Every Bird Matters
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Posts Tagged ‘ban’

December 14, 2007

Banning bunker fuel: Tread lightly expert says

An environmental chemist looking into the rush to ban the use of bunker fuel on ships, says the alternatives, especially diesel can be harder to cleanup. Christopher Reddy’s Open Forum piece in the San Francisco Chronicle and is worth a careful read:

“…Bunker oil is highly viscous, sticky, and floats. Bunker oil spills are visually obvious but the very nature of this product allows it to be cleaned up easier than diesel fuel. It can be boomed, skimmed and oil-covered objects along shorelines, often called dirty bathtub rings, can be removed. Diesel fuel is less viscous and harder to contain and recover. Once in the water, diesel insinuates itself into the lifecycles of plants and animals. Toxicity is always difficult to define, but in a relative manner, diesel fuel is significantly more lethal than bunker fuel.

Pure vegetable fuels and biodiesel are attractive alternatives but are not perfect. One marine spill of vegetable oil in Europe left behind a polymerized residue that one scientist argued was more persistent than petroleum fuels. Another spill of vegetable oil in Canada resulted in a large kill of birds. Biodiesel is used to formulate a range of mixtures from B2 (2 percent biodiesel mixed with 98 percent petroleum diesel) to B100 (100 percent biodiesel). While the biocomponent of biodiesel mixtures is much safer and less persistent in the environment, anything less than B100 will contain petroleum diesel with the same negative attributes…”

Read onward

November 22, 2007

Renewed efforts to ban bunker crude

The use of bunker crude oil, the bargain basement substance that leaked into the San Francisco Bay this month, is under renewed pressure to have it banned. From politicians to scientists to environmental groups, bunker crude is under the gun.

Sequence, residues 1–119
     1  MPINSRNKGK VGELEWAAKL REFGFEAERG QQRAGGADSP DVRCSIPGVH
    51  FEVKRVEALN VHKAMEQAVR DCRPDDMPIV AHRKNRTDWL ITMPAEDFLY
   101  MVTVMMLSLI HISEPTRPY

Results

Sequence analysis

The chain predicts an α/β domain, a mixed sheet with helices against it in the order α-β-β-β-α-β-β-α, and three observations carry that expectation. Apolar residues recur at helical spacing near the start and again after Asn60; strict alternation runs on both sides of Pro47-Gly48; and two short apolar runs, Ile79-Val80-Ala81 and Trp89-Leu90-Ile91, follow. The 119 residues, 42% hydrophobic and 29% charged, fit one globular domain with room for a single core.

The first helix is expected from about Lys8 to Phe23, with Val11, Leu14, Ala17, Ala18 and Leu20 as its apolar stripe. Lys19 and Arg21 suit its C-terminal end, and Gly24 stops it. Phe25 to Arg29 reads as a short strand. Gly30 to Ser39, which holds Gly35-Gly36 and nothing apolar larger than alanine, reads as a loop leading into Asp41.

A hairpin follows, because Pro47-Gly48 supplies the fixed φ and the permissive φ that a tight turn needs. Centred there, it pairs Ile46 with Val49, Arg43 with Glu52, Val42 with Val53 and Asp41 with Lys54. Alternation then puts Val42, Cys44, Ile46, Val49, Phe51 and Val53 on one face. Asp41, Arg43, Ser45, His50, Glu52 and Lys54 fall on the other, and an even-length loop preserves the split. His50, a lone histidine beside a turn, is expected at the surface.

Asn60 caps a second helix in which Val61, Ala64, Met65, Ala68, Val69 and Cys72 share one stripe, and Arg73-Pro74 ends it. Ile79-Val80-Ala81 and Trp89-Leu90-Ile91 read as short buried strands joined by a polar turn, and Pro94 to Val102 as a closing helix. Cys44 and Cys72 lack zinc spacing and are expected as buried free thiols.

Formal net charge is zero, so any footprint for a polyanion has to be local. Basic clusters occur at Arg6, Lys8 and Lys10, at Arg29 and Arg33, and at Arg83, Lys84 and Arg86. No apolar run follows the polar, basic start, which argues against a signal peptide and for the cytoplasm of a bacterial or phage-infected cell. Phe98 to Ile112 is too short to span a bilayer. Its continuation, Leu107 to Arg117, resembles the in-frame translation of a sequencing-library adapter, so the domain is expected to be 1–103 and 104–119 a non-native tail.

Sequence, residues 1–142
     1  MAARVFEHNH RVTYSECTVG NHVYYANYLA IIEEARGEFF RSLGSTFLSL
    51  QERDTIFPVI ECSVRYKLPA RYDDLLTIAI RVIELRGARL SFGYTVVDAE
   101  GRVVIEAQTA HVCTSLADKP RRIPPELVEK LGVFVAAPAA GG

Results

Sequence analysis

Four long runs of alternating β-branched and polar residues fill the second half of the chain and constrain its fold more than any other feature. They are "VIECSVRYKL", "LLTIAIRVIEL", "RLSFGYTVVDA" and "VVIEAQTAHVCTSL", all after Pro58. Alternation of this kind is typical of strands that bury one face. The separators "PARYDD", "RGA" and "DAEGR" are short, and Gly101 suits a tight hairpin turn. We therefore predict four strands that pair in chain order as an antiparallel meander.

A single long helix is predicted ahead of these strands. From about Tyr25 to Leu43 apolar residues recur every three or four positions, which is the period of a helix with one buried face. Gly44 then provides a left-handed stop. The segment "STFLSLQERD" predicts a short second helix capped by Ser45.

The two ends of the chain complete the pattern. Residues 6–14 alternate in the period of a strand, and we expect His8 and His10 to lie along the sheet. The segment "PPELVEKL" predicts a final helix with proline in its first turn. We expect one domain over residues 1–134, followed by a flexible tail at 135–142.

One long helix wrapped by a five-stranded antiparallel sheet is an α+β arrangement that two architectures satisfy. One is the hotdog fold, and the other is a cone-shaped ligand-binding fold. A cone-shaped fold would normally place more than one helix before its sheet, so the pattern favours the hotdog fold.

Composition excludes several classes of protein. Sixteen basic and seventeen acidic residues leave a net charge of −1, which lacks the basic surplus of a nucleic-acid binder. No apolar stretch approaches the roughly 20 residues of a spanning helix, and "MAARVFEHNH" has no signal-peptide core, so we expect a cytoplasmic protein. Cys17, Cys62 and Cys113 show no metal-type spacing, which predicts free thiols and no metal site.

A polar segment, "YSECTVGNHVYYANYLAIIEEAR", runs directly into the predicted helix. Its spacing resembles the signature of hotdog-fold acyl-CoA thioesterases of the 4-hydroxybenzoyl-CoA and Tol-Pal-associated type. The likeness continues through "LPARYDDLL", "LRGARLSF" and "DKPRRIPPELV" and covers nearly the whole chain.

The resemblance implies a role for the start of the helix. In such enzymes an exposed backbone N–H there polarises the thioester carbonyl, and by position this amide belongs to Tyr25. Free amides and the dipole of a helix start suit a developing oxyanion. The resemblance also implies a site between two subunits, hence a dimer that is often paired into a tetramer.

Ocean shipping companies love the $1.70 a gallon price, but with cheap oil comes expensive and damaging consequences. The heavy oil has left lasting damage to the bay’s ecosystem and bird life. The latest 58,000 gallon spill is yet to be cleaned up and dead and dying birds are still being collected in many areas of the bay. Also in the burning of this oil, emissions can be acute and even in cities like Oakland, CA where docked and idling ships run generators, there are threats of litigation over its use.

The toxic gunk is stored in auxiliary “bunker” tanks that power ships’ generators. The Cosco Busan was carrying at least 1 million gallons of the low grade fuel when it ran into the San Francisco Bay Bridge on November 7, 2007. As of this week, only a fifth or 12,000 gallons of the spilled oil had been cleaned up.

This heavy fuel oil is well know carcinogen and contact with skin is ALWAYS to be avoided. When its burned, this high sulphur fuel said to be more than 1,000 times dirtier than the diesel fuel used in trucks and buses.

Also see:

The Friends of the Earth